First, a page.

Physical therapist and Syrian girl share a special bond

Five-year-old Malak, a Syrian refugee living in Jordan’s Zaatari camp with her family, laughs joyfully as she kicks a football back and forth with Mohammed, her Humanity & Inclusion Physical Therapist. Mohammed is teaching the girl how to use her new prosthetic leg. It’s difficult to imagine now, but in December 2015, when Malak first met Mohammed, she did nothing but cry.

“The first time I met her, Malak was still in shock,” says Mohammed. Malak had come to Jordan after a bomb struck her family’s home in Syria. Malak had her leg amputated, her baby sister was killed, and her other brother and sister were severely burned.

“When I first started working with Malak, I brought my my colleague, a psychologist, to help me gain her trust,” says Mohammed. “She slowly began to cry less and to let me into her life.” After weeks of rehabilitation, the organization took Malak’s measurements and fitted her with a prosthetic leg so she could walk again.

“The exercises we are doing today are helping her to get used to her prosthesis,” says Mohammed, as he kicks the ball around with Malak. “When I see her smiling now, I’m so proud of the progress she has made.”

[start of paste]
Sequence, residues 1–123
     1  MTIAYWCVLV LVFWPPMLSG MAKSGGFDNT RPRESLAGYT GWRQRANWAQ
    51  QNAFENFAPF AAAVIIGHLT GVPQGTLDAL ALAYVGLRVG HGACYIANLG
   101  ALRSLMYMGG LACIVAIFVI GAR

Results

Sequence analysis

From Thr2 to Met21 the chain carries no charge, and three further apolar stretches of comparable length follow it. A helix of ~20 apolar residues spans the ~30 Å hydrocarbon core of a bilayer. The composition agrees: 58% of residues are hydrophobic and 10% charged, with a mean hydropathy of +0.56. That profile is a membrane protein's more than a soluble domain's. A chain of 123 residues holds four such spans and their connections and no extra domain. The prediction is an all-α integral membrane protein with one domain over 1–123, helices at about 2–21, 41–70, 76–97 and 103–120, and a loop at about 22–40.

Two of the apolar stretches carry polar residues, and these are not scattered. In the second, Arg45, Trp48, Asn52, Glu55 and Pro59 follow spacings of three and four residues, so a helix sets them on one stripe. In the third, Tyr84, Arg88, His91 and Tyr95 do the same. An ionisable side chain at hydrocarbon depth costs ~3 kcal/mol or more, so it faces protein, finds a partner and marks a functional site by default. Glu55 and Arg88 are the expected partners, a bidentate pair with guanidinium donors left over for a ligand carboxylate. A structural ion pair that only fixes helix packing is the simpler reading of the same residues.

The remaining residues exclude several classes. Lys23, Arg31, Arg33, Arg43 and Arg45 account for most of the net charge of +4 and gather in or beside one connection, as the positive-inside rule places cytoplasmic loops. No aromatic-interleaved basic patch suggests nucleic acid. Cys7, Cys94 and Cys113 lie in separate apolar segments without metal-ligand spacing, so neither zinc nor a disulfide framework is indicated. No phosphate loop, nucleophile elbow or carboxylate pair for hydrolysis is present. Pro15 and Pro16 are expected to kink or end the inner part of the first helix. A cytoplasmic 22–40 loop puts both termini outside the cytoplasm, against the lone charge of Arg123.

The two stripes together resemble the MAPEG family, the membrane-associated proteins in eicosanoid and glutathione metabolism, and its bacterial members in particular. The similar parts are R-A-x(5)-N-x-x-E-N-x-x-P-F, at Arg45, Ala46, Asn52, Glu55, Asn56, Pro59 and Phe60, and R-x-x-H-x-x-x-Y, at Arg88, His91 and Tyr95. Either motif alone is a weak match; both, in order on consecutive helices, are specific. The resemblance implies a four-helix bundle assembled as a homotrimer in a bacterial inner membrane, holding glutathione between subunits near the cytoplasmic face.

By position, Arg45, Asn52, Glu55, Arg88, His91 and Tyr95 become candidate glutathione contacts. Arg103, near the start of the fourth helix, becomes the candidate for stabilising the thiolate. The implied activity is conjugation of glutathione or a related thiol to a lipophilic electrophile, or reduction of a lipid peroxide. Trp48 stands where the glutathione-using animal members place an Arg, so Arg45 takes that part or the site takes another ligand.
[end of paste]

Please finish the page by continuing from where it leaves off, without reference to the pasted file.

“Malak is a lot more independent now and she enjoys life much more,” says Malak’s father Houdey. “She likes walking around the camp with me. She’s really curious and likes watching what’s going on around her.”

Mohammed leads Malak outside of Humanity & Inclusion’s rehabilitation center for more balance exercises. He takes her around an obstacle course to prepare her for the sort of physical challenges she might encounter in her everyday life. Malak listens carefully to Mohammed’s instructions and then concentrates hard as she walks around blocks and over beams. She completes all of the exercises without falling once. Impressed by how easy it is now for Malak to move around, Mohammed congratulates her on her progress.

The session comes to an end and it’s time for Malak to go home. The little girl waves at Mohammed excitedly, already impatient to see him again. Mohammed and Malak have formed a real bond. When she grows up, she would like to be a physical therapist, just like him.